2 Arab Israeli activists accused of aiding Hezbollah
JERUSALEM -- An Arab Israeli community activist was charged Thursday with espionage after allegedly giving information about the location of Israeli defense facilities to Lebanon's militant Shiite Hezbollah movement.
The indictment of Ameer Makhoul, the general director of Ittijah, a union of Arab organizations in Israel, coincided with what some here say is a broader campaign by Israel to intimidate activists who speak out against the idea of Israel remaining a homeland for Jews.
When Israel was created in 1948, the Palestinian Arab community was split between those who remained inside Israel's borders -- and became Israeli citizens -- and those who relocated to the West Bank, the Gaza Strip or elsewhere. Today, Arab Israelis make up one-fifth of Israel's citizens.
According to the indictment, Makhoul met with a Hezbollah agent in Denmark in 2008 and agreed to serve as a secret source of information. Omar Saeed, another Arab Israeli activist, was also accused of having contact with Hezbollah, on a separate occasion, and transferring information that could be of assistance to it. Both men denied the accusations.
Dan Rabinowitz, a professor of sociology at Tel Aviv University who has written a book about Arab Israelis, said the indictments coincided with growing fears in Israel regarding efforts, both domestically and abroad, to challenge the legitimacy of the Jewish state.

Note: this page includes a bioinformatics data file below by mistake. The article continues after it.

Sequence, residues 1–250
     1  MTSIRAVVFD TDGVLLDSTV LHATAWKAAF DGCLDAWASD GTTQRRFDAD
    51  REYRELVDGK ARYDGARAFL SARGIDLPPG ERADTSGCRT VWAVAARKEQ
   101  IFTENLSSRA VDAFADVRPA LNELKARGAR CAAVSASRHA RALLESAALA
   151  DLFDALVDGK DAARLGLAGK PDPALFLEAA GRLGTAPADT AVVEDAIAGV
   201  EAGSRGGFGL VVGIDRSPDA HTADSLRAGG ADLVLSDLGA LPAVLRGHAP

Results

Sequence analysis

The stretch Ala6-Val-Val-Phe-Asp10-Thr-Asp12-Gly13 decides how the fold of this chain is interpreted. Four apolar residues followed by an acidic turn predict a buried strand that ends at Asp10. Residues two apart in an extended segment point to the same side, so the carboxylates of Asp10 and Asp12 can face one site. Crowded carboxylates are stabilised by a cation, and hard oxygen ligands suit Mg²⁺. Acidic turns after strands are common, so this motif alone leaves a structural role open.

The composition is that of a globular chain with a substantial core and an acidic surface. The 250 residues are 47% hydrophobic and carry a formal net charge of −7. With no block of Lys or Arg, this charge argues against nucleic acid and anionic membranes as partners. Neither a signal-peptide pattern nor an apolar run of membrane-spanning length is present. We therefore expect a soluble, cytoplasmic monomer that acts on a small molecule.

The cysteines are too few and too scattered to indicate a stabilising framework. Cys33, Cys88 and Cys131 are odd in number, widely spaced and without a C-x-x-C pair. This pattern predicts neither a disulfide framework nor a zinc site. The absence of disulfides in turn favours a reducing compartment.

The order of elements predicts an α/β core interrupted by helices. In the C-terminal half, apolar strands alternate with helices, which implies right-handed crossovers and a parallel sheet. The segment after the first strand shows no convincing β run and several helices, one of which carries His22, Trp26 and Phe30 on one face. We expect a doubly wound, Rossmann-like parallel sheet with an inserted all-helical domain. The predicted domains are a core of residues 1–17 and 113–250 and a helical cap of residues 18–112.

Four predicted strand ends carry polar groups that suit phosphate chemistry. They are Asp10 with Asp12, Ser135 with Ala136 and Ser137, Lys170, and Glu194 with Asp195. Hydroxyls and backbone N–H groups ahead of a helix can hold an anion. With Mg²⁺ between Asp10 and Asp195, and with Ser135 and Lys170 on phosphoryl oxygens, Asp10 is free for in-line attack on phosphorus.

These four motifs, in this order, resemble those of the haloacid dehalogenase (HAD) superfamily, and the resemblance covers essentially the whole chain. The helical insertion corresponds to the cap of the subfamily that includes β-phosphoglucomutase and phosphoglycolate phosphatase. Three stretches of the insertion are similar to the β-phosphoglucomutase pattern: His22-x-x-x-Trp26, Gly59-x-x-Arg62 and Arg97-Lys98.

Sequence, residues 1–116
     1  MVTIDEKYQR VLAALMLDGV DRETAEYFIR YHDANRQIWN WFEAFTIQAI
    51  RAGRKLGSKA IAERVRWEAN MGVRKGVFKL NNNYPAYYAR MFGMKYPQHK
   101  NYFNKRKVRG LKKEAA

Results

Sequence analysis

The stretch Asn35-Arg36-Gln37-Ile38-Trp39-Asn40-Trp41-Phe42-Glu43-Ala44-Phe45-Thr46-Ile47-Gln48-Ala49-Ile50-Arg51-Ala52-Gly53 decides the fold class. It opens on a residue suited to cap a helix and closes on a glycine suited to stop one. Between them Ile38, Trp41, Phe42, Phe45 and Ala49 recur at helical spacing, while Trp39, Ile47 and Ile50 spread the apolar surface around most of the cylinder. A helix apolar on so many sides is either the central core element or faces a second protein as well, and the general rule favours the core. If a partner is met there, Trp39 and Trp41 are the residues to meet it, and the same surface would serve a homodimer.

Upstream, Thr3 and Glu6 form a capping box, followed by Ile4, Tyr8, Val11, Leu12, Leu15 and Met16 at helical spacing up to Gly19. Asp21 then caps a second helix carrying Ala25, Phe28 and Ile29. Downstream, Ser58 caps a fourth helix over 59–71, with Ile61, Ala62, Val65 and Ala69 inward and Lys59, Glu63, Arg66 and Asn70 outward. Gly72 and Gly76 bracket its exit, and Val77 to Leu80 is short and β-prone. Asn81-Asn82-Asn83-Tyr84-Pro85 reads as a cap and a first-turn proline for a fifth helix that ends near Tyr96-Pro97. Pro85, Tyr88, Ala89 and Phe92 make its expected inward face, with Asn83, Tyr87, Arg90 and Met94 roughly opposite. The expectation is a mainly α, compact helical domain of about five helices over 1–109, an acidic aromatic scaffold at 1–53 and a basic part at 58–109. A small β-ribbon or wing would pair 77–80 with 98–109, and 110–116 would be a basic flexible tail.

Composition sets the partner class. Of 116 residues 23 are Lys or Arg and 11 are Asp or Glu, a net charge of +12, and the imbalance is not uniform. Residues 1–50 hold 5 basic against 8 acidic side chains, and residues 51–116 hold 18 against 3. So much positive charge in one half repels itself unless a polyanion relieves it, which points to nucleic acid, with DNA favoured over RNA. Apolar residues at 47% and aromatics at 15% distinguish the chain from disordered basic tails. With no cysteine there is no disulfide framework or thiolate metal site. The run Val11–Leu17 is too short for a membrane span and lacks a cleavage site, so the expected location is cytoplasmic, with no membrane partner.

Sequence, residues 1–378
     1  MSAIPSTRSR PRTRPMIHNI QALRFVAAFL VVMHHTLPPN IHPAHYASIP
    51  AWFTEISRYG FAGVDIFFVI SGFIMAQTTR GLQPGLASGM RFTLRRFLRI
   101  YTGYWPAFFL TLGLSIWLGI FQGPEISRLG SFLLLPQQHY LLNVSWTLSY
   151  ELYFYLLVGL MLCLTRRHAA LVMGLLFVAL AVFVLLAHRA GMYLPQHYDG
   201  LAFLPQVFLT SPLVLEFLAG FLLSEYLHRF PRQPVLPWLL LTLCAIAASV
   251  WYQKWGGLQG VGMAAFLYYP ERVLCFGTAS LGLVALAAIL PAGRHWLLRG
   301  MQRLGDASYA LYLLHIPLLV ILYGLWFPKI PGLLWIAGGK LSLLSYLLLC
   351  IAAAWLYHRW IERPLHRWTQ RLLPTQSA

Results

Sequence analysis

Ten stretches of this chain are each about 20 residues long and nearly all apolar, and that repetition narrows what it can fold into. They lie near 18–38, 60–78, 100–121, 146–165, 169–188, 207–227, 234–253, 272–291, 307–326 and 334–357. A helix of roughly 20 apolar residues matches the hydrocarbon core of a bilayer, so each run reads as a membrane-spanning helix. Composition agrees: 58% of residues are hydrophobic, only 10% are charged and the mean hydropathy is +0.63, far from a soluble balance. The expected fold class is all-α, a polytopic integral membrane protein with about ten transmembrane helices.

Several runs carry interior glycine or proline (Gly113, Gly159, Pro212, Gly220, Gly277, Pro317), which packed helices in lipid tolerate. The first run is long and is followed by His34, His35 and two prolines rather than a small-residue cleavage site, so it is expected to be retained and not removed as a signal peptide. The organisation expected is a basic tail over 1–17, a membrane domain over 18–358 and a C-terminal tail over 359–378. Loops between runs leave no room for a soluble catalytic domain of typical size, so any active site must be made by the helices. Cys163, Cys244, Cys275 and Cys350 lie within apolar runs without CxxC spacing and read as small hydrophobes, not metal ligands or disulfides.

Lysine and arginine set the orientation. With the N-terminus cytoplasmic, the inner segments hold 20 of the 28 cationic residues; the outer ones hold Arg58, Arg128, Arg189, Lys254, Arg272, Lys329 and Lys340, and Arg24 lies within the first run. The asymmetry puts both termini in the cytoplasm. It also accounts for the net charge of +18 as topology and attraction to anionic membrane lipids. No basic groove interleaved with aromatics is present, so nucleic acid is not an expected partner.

Israel is trying "to make life more difficult and more complicated for political activists and for [nongovernmental organizations], for people who might have reservations of how the state deals with its Palestinian citizens, all the way to the very foundation of the Jewish state," Rabinowitz said. "Life is being made more difficult for any people with a critique of Israel."
A senior Israeli official denied that Makhoul's arrest was politically motivated, saying it came because he had "connections with certain enemies around us."
Much of the recent tension stems from Arab Israeli demonstrations against Israel's widely criticized bombardment of Gaza in January 2009, a campaign carried out to stop rocket fire into Israeli towns.
Perceiving the protests as disloyal, Israel's election committee subsequently tried to ban Arab Israeli parties from participating in the 2009 elections but was unsuccessful.
Other pending legislation seeks to limit fundraising by such organizations as Adalah, a law center that advocates for Arab minority rights in Israel and whose lawyers are representing Makhoul and Saeed.